• Not All Advice is Good. Consider the Source


    Back when he was a teen, my son advised me to buy stock in Apple. He was no stock market whiz kid, though, so I didn't heed his advice. Big mistake on my part, but if there's one thing I know about taking advice, it's that the person giving it matters.

    Not that good advice can't come from just about anywhere. People from all levels of your organization, as well as your customers or clients, can and should be providing you with feedback and guidance. In the retail world, the store clerk might know of a product that customers are craving, while products you've been pushing are sitting on a dusty shelf. At GE Transportation, we knew how to build the products, but our customers knew what it took to run them. At GE Power Systems, some of our customers knew more about servicing our turbines than we did. Continuous feedback, I've found, whether from a store clerk, a railroad executive or a service engineer, can help improve business performance.

    But no matter who is giving the advice, here are some questions to ask yourself:

    • What is the track record of the advice givers? If they have implemented their own advice, was it successful? (And if they haven't implemented it, why not?)
    • Do they have an agenda? What motives might they have to try to persuade you to act in a certain way?
    • What are your instincts telling you? If the advice "feels" wrong, the end result may be harmful – to you or your business.
    • Can you be authentic when implementing the advice? If you are uncomfortable, that discomfort will show.
    • Does the recommendation fit your company's culture? If it seems out of character, it probably is.
    • Is the timing right? You receive advice your whole life – first from parents, then friends, and then co-workers – but the key is to adapt and localize their ideas to your particular situation or environment. Good advice improperly timed can backfire.
    • Is the advice giver an expert? If so, listen up. Know your own skill set and take advice from those around you who have knowledge that is different from your own.

    We love the results, but hate the way you get it.

    Over my 45-plus years in business, I obviously have received a lot of advice, some good and some not so good. Like most of us, though, even the bad advice taught me something – what not to do.

    One of my bosses, we'll call him "John," ran our company with an iron fist. With him, every issue was a nail, and he wanted to be the hammer. This gestapo style of management was popular in the 1970s, but I didn't like it, and I told him so. "John," I said, "about 80% of what you do is great – your granularity and attention to specifics are impressive – but I don't want to emulate the other 20%."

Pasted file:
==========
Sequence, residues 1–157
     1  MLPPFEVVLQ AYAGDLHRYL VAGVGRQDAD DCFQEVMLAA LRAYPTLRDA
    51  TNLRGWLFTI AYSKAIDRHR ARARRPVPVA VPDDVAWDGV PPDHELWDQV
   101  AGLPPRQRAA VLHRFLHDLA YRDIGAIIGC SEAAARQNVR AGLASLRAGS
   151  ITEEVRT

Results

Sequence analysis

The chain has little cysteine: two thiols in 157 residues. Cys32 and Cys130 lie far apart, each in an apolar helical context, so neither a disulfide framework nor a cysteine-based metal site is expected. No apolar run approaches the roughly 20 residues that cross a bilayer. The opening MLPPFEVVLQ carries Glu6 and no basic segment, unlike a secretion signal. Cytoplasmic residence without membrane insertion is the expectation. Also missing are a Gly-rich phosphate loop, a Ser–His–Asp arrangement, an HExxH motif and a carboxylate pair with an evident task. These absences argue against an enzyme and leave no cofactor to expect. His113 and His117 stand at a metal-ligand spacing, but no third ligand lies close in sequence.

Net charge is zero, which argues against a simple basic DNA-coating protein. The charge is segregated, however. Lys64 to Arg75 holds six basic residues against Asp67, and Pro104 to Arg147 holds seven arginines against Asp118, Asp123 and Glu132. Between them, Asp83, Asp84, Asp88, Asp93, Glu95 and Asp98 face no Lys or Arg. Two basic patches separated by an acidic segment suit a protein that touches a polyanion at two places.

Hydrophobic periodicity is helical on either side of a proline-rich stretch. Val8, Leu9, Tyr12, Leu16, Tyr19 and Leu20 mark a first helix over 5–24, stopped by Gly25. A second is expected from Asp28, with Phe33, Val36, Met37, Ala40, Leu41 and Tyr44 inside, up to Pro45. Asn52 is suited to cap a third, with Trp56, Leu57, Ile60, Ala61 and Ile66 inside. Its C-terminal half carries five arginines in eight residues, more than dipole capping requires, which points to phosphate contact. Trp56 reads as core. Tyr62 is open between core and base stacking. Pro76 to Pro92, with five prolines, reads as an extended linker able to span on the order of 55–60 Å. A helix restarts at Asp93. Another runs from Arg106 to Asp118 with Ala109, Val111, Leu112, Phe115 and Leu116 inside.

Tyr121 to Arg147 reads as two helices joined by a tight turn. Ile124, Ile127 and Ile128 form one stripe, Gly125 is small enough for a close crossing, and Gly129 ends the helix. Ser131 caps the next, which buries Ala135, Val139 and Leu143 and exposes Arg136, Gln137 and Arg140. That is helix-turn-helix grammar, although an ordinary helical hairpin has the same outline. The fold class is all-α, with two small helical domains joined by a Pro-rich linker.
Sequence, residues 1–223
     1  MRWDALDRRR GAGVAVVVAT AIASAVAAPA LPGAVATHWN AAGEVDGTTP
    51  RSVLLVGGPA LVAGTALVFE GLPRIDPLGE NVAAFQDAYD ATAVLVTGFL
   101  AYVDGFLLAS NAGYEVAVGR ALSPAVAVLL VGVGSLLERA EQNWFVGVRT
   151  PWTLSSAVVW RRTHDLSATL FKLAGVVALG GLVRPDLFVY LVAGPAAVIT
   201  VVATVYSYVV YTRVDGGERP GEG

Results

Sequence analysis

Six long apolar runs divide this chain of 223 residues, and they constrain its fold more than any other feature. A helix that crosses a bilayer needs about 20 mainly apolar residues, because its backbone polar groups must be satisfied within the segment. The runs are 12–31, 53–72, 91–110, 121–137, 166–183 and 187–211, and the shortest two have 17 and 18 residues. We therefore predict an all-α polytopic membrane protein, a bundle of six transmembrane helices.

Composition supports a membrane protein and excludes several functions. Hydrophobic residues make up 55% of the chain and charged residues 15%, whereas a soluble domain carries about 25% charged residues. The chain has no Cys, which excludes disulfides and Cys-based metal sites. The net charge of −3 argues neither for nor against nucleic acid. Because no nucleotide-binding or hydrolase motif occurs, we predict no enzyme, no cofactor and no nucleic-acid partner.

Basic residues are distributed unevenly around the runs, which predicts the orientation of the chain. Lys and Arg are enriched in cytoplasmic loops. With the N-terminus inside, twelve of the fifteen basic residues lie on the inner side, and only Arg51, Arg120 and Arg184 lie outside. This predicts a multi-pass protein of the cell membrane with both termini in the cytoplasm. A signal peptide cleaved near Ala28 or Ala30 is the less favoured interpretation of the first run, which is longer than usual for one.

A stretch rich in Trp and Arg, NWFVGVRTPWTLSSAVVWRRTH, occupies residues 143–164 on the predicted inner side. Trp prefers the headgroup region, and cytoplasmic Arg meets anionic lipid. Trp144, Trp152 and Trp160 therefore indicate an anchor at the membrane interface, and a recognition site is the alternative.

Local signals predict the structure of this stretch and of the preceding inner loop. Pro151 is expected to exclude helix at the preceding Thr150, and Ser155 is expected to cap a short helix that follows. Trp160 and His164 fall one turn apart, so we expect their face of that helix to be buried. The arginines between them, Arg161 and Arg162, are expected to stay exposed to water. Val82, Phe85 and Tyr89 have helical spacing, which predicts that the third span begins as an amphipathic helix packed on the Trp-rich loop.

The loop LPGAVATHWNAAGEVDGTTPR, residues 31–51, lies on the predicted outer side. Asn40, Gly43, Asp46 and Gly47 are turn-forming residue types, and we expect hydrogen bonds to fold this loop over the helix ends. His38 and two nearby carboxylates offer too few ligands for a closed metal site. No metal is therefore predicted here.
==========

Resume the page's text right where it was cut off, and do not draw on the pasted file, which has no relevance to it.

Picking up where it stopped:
Although John ran a successful company, he managed mostly through fear and intimidation. I learned from him to pay great attention to detail, but not to gather that detail by bullying and threatening. I've seen abusive people like this throughout my career, and when I can, I call them on it.

    Listen, learn and lead.

    The good news is that many people are coachable. Instead of quickly discarding an employee, why not offer advice – and then watch for improvement? In general, people who seek advice, own it and implement it tend to be pretty successful.

    Early in my career I was advised to think bigger, take more risks and keep setting the bar higher. I knew I might make mistakes in the process; people who do things make mistakes. But the worst mistake of all, I realized, was to do nothing. Instead, I focused on the job itself – including the increased opportunities and accountability that went with it – rather than on the size of the office or the title of the position. By following that advice, I am sure I achieved more than I ever would have by simply settling into each job. I continue to challenge myself today, and not because I'm being told to do so. It's my work ethic, but one I learned early on. Good advice, that.

    The bottom line through all this is to know yourself, and the people who work with you. Be open to feedback, but make your own determinations – because you're the best person to decide what's right for you.

    Bob Nardelli has more than 100,000 followers on LinkedIn. During his 45 years in the business world, he has grown the sales and profits of a number of multi-national corporations including the General Electric Co. and The Home Depot, and he helped save Chrysler and its iconic brands when the American auto industry began to collapse. In addition to his board and volunteer service, Bob is the founder of XLR-8, LLC, Investment & Advisory Co., which helps companies identify weaknesses and improve performance.